Post-election Burma may see at least some change
fter two decades of relatively static confrontation between its ruling generals and the outside world, potential movements are afoot as Burma heads to the polls on Sunday. By all accounts, the electoral process and outcome will be an organised fraud. Even the State Peace and Development Council, the top brass who have lorded it over Burma with an iron fist for two decades, do not pretend that the elections will be free and fair. Yet the ensuing charade and shenanigans still matter as they could foment unintended consequences and allow Burma to break out of its military-dominated stranglehold.
Whether all will be the same, better or worse under a civilian guise, the impact and implications for the Burmese inside the country and those in the diaspora, as well as the international community and regional neighbours, will be palpable and plausibly far-reaching.
To be sure, the imminent election will seal the SPDC's robbery of Burma's last and legitimate poll from 20 years ago. That was when the National League for Democracy led by Aung San Suu Kyi won by a landslide but was denied power and government by the generals. This time, constitutional rules have been rigged and pro-military candidates have been stacked to ensure a pro-SPDC proxy government. A hefty candidate registration cost by local standards ensured that only the SPDC-backed Union Solidarity and Development Party (USDP) and pro-junta National Unity Party (NUP) can field candidates nationwide. Other parties, led by the NLD offshoot New Democratic Force, are scattered along national and regional lines and only able to send a fraction of candidates compared to USDP and NUP. And the military will be given 25% of assembly seats to begin with.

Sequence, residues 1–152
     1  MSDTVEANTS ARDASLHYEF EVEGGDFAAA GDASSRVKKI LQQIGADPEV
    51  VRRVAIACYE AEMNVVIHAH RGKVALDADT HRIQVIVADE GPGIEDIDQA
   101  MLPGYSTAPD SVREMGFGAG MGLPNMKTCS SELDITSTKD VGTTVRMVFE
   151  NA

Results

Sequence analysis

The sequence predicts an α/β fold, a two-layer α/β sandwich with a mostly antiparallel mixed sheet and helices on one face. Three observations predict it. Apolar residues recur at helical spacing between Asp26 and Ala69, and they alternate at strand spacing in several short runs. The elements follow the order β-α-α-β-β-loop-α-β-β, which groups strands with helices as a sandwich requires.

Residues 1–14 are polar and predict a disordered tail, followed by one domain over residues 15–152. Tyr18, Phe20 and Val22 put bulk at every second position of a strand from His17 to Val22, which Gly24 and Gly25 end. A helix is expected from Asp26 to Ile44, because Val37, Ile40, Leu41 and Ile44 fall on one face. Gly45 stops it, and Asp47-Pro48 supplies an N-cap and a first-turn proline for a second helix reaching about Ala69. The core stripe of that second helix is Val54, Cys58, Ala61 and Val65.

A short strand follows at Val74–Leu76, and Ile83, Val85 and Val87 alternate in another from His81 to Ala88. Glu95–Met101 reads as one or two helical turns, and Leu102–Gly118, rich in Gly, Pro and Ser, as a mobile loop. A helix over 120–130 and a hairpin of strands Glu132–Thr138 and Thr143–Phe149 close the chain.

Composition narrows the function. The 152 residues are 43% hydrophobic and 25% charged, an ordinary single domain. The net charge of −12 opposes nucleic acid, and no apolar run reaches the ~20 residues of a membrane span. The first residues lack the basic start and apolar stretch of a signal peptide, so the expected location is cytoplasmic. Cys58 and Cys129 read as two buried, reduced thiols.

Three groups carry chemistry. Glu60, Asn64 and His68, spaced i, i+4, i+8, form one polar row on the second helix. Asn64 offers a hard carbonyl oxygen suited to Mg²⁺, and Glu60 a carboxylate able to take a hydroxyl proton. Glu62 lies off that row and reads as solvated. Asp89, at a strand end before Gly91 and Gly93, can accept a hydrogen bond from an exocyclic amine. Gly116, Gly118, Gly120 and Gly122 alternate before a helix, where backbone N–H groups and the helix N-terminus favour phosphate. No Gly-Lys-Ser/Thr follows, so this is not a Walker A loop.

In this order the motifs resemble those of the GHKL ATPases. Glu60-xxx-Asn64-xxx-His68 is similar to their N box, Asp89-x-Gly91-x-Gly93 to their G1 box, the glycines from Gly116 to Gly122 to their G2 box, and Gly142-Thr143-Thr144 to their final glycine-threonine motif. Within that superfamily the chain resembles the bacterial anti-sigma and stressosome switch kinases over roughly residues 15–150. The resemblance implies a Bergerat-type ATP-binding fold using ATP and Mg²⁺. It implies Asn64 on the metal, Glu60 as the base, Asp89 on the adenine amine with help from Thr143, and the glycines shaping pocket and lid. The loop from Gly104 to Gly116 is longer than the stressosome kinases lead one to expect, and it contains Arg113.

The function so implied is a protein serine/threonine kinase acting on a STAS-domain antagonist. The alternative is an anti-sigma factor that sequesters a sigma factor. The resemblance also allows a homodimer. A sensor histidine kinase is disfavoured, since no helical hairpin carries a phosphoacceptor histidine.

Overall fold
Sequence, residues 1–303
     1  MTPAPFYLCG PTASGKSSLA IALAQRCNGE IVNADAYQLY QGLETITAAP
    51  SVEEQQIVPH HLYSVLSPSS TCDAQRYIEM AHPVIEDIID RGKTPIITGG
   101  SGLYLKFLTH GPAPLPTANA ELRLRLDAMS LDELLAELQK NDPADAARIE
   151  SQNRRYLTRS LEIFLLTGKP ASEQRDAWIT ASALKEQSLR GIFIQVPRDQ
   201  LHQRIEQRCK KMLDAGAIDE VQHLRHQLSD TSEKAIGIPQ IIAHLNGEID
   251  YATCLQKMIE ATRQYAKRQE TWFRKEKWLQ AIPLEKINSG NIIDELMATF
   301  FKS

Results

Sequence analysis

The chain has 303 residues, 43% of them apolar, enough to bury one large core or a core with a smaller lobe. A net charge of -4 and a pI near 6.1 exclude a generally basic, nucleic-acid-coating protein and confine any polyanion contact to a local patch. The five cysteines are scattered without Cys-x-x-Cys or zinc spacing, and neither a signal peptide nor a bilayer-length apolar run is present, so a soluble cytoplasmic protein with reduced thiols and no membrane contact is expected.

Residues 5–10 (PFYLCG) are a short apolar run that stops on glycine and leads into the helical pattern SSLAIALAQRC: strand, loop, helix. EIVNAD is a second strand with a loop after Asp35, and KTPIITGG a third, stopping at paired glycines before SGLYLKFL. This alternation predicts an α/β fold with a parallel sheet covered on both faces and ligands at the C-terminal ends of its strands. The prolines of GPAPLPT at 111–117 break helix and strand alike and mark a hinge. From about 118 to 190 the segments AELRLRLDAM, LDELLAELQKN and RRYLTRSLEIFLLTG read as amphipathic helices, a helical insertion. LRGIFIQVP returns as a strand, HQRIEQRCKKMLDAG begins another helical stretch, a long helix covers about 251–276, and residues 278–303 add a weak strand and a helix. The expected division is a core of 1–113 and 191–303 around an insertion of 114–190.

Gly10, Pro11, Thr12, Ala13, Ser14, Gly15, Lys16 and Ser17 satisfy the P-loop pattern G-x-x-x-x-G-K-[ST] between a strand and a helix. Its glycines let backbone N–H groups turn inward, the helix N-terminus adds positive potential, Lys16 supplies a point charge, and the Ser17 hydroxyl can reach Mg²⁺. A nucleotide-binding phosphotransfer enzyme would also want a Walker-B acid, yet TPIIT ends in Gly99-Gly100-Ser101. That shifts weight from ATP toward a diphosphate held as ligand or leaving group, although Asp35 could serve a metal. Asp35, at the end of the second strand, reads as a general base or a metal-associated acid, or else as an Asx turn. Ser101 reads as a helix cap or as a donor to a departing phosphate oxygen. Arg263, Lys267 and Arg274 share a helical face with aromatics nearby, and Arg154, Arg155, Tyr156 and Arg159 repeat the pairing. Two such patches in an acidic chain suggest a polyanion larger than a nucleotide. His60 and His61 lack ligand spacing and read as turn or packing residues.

That these parties decided to contest the election in the face of the NLD's disbandment and Ms Suu Kyi's boycott suggests that post-election movements are not implausible. The contesting parties from the various opposition camps inside Burma have demonstrated their willingness to put up and fight for a better day even when the odds are stacked against them. While the USDP and NUP will dominate, the resulting outcomes may create newly vested interests and dynamics and power struggles, underpinned by electoral legitimacy, that could reshape Burma's political terrain. A country that has endured two decades of autocratic darkness should not be expected to wake up to democratic sunshine overnight. Military withdrawals and democratic transitions the world over have shown that the road ahead is always topsy-turvy and reversible, characterised by dashed hopes and false promises but steered by unrelenting hopes and aspirations. Any change must start from somewhere. For Burma's brutality and tragedy under military rule, this is an opportunity not to miss an opportunity.
For the international community, largely comprising the major capitals of Europe and North America, the upcoming Burmese vote is a quandary. As the Burmese dissident groups in those capitals have rejected the electoral process, Western governments will be hard-pressed to tread a fine line. Sanctions have been spectacularly futile, and forceful regime change was never on the cards. The continuation of wait-and-see through deft diplomacy in quiet places, such as building the opposition's networks and capacity inside the country, is advisable. That the SPDC generals have bothered to go through this civilianisation sham when it was not necessary for prolonging military rule suggests that potential space is there for the West to help find a way forward.